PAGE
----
* Journalist's body had signs of torture-police
* Death likely to focus attention on press freedoms
* Other journalists have been killed in Pakistan
ISLAMABAD, May 31 A Pakistani journalist who
went missing two days ago from the capital Islamabad was found
dead in eastern Pakistan, police said on Tuesday, in a case
likely to revive debate about the freedom of the press in the
Police said there were signs of torture on the body of the
reporter, Saleem Shahzad, who worked for Hong-Kong based online
Asia Times and Italian news agency Adnkronos International.
Ali Dayan Hasan, Pakistan representative for Human Rights
Watch, said Shahzad had told him that he was under threat by
Pakistan's military intelligence agency.
"He told me he was being followed and that he is getting
threatening telephone calls and that he is under intelligence
surveillance," he told Reuters.
"We can't say for sure who has killed Saleem Shahzad. But
what we can say for sure is that Saleem Shahzad was under
serious threat from the ISI (Inter-Services Intelligence) and
Human Rights watch has every reason to believe that that threat
Pakistani intelligence and military officials were not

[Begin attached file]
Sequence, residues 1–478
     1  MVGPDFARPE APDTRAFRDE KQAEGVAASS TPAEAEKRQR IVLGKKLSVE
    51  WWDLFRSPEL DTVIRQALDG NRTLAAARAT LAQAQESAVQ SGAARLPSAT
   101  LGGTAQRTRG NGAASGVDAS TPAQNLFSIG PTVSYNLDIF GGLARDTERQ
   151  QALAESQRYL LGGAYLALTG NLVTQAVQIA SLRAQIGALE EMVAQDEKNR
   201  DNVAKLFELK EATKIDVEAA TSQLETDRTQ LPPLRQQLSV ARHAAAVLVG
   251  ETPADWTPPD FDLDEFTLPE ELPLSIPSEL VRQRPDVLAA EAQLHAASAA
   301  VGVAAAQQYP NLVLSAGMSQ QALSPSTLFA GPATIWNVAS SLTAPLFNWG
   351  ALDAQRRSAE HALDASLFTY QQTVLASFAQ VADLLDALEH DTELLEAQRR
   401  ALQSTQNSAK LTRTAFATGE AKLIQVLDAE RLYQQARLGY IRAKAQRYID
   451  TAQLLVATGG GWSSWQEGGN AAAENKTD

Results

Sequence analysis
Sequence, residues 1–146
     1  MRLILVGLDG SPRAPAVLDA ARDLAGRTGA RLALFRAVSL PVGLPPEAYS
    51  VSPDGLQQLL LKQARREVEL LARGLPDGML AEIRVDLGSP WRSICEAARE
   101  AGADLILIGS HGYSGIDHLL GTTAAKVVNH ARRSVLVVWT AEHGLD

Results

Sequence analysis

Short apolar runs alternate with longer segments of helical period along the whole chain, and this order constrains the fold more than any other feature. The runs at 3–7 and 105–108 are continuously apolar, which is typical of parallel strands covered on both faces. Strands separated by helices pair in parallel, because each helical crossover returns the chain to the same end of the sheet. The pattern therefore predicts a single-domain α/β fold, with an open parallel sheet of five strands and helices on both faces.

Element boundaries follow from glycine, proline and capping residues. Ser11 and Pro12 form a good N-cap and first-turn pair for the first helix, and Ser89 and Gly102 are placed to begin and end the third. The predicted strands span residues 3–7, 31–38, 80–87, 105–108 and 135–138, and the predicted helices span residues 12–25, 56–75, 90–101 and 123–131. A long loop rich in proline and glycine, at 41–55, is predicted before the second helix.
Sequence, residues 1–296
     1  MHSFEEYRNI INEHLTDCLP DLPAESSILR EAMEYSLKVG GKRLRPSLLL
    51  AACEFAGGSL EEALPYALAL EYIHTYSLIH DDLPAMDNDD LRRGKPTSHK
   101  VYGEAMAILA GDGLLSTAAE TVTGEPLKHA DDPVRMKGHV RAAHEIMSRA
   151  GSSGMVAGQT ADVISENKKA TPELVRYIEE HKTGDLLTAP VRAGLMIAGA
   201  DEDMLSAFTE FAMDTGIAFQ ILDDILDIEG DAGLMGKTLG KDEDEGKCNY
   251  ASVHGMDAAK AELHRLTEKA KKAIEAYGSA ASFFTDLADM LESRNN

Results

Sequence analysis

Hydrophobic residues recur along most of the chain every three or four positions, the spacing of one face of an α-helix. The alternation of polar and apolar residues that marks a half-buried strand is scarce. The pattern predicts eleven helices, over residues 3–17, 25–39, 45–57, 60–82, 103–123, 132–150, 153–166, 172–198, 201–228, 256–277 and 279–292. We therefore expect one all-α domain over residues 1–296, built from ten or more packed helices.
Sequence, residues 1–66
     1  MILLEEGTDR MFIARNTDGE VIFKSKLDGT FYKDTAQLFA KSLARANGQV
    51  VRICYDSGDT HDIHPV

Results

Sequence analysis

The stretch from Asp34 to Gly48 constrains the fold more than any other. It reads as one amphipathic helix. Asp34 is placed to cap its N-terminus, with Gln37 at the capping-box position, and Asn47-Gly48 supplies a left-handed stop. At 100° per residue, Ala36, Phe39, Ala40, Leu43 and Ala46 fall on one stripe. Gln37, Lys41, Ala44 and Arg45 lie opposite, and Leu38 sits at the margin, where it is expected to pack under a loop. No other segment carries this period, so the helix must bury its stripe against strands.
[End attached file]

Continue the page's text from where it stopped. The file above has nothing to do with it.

immediately available for comment.
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Shahzad, a 40-year-old father of three, disappeared while
heading to a television station to participate in a talk show.
"His body was found by residents late Monday on a bank of a
small canal," Daar Ali Khattak, police chief of Mandi Bahauddin
town, where Shahzad's body was found, told Reuters. "There are
some bruises on his body," he said without giving other details.
Another police official, Mohammad Aslam, said: "There were
torture marks on his forehead."
Pakistan has an outspoken media that has mushroomed in
recent years. It often attacks the government. But media
criticism of the military is rare in the South Asian nation, a
strategic U.S. ally.
Several Pakistani journalists have been found dead in
similar circumstances, triggering protests by reporters and
Journalists have also been killed by suspected militants in
the tribal areas of the northwest, the epicentre of militancy in
Hasan said Human Rights Watch has called for an inquiry into
the death of Shahzad, who closely followed security issues and
militancy in Pakistan.
He wrote a story stating that al Qaeda had carried out an
audacious attack on a Pakistani naval base in the southern city
of Karachi this month in which 10 people were killed, and
suggesting that some naval officials had suspected links with al
"He was threatened so many times and we had asked him to be
careful while filing news reports. But he always said 'I'm ready
for that'," said Zafar Mehmood, a close friend of Shahzad.
"It is a threat to the profession of journalism. It is a
threat to the nation, to the country. We strongly condemn it."
(Reporting by Chris Allbritton and Michael Georgy)